Alzheimer's is a chronic neurodegenerative disease which leads to the senile cognitive impairment and memory loss. Every third person older than 70 years suffers from it. Such changes are caused by functional disorders and subsequent death of neurons. However triggers of processes resulting in brain cell death are still remain unknown. That's why there is no effective therapy for Alzheimer's disease.
At the moment, the most common hypothesis is a theory of the toxic effect of the beta-amyloid protein, which accumulates in the brain with age, aggregating into insoluble amyloid plaques. The presence of these plaques in the brain is the main marker of Alzheimer's disease (unfortunately, often found postmortem). Soluble (not aggregated into plaques) forms of the protein are considered to be toxic too.
All modern therapies act in one of the three ways: they can block production of soluble beta-amyloid, destruct protein before transformation into insoluble form, or to stimulate the plaque degradation. "Clinical trials for Alzheimer's therapies have got one significant feature – their short duration. They last for no more than 5 years, whereas the disease can progress for decades. And early Phase I-II tests last for only few weeks. With such experiment design one can affect only on the processes of distribution and degradation of the soluble beta-amyloid forms. Therefore we developed this part of our model to analyze and predict the dynamics of the new generation of drugs, for instance the inhibitors of amyloid production", says Tatiana Karelina , the head of the neurodegenerative disease modeling group, InSysBio LLC.
The first difficulty encountered by drug developers is the interpretation of the results obtained in animal tests. In general, most studies of the distribution of amyloid are carried out on mice: scientists inject a labeled protein into the mouse brain and observe the distribution of the radioactive label. Alternatively, the dynamics of amyloid in the presence of drugs is studied. Based on the data obtained, researchers can calculate the "therapeutic window" for the medication – a range of doses from the minimum effective to the maximum non-toxic. Then doses for human or monkey are calculated by using mass or volume scaling (for the body, the parameters change as many times as its mass or volume is greater than the mass or volume of the mouse).
The project team collected the data from the literature and derived a system of equations that fully described the existing results. Firstly the model was calibrated (i.e. the missing parameters were estimated) for the mouse, and then for the human and monkey. It turned out that one cannot use the scaling method to transfer results from rodents to primates (as it's often done). The deduced mathematical equations have shown that not only the rate of production of beta amyloid (as activity of corresponding genes) differs, but moreover the blood-brain barrier is different in rodents and higher primates. At the same time, there was no significant difference between the human and the monkey, and the standard scaling can be used to translate predictions between them.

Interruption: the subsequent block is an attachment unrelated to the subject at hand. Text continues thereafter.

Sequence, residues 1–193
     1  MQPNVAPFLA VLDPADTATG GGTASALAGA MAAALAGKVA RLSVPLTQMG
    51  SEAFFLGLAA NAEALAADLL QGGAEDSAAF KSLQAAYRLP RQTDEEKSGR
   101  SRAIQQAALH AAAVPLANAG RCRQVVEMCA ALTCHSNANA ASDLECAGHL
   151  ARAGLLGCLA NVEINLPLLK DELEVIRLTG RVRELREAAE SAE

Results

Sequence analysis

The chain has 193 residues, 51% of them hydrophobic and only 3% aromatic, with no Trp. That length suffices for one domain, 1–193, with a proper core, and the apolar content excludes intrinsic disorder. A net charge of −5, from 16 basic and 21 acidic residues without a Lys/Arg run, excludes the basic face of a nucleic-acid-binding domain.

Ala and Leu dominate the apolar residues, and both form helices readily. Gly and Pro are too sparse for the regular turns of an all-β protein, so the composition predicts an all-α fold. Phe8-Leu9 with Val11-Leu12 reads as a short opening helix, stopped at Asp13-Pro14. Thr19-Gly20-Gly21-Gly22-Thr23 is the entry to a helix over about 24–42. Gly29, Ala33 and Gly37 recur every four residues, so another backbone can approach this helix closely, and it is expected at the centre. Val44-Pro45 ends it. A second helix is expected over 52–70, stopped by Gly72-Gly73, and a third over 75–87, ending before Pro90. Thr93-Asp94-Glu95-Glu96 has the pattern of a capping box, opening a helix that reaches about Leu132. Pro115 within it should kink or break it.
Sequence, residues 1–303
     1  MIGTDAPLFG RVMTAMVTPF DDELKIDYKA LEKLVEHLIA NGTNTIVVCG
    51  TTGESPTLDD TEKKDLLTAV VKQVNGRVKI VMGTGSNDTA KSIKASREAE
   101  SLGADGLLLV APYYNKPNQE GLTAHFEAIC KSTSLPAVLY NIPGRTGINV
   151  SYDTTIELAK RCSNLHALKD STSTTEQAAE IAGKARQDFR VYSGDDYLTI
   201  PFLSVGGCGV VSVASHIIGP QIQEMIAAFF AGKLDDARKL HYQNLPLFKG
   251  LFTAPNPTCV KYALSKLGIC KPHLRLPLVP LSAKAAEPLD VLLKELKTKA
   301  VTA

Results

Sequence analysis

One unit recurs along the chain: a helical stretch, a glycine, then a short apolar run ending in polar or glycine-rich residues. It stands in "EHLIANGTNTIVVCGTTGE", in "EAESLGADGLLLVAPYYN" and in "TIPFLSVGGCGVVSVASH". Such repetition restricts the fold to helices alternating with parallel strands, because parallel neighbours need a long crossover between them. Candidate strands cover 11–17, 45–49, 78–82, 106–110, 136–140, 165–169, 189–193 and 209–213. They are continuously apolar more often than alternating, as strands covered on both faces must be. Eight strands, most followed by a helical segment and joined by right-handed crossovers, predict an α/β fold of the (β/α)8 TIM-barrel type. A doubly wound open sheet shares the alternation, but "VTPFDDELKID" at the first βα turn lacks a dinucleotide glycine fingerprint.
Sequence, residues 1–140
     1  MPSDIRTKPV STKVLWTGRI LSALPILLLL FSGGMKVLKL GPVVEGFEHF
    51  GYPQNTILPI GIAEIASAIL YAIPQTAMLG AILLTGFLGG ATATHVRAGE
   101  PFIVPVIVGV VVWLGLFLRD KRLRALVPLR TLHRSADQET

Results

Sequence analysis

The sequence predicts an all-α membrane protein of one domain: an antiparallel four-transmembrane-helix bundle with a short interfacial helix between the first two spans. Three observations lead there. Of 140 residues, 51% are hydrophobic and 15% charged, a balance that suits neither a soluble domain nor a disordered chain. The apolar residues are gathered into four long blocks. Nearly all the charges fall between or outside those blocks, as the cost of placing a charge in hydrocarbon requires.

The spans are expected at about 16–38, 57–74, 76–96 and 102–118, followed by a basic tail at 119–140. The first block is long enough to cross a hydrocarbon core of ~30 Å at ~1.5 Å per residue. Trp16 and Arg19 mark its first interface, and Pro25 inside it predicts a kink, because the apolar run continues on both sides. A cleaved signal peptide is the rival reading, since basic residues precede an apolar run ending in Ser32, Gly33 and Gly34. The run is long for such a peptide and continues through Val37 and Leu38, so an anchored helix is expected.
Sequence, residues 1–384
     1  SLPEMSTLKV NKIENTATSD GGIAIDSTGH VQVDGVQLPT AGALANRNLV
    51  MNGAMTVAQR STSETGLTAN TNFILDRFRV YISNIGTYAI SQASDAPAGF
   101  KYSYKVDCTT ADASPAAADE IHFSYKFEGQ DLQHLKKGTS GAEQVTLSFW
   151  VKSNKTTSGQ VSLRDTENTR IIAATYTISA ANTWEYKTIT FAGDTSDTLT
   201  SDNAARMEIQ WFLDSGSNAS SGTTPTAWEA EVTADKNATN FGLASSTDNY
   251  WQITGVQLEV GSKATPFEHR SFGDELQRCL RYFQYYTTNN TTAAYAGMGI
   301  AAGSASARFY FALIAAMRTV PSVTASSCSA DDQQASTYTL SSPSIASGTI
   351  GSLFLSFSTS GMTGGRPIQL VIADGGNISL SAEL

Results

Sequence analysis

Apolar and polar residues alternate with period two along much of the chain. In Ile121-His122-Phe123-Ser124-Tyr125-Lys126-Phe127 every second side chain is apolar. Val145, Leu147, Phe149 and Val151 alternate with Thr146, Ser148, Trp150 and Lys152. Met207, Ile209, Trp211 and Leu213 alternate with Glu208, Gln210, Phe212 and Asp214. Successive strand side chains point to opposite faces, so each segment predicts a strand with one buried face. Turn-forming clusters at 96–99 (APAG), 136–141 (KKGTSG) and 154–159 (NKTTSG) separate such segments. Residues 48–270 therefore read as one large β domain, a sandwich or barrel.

The next big question in Alzheimer's clinical trials is how to understand if the drug affects specific target on the short term. It is impossible to observe the processes that occur in the human brain directly. Usually a cerebrospinal fluid probe is taken for analysis of the change in the concentration of beta-amyloid. Actually, these data strongly differ from the values of amyloid concentration in the brain, since the cerebrospinal fluid is strongly influenced by the processes taking place in the blood plasma, and amyloid demonstrates another dynamics.
"If there is such a big structural model calibrated on the big amount of data one can easily match the results of cerebrospinal fluid sample analysis with the real processes in the patient brain. This will greatly accelerate the development of new drugs and improve the accuracy of the therapy selection", explains Tatiana Karelina.
Scientists report that their model allows to predict how these new drugs must be administered. Total daily dose can be diminished but should be split for several parts during the day, providing optimal brain efficacy. InSysBio team is confident that the systems-pharmacological modeling can greatly improve the development of drugs from Alzheimer's disease and are already negotiating the introduction of technology with their partners in the pharmaceutical industry.
InSysBio is one of the pioneers in quantitative system pharmacology (QSP) modeling and simulation and has been working on the market for more than 10 years. The company's aim is to assist right decisions on the critical stages of drug research and development. InSysBio team continuously improves methods and tools for biological modeling. Moreover, company supervises students and postgraduates forming professional community of QSP modelers. Company has published a lot of scientific studies in various therapeutic areas. Innovative approach applied by InSysBio has already become a part of the drug development process implemented by our strategic partners: nowadays there are more than 100 completed projects in collaboration with leaders of pharma industry.
Story Source: Materials provided by Scienmag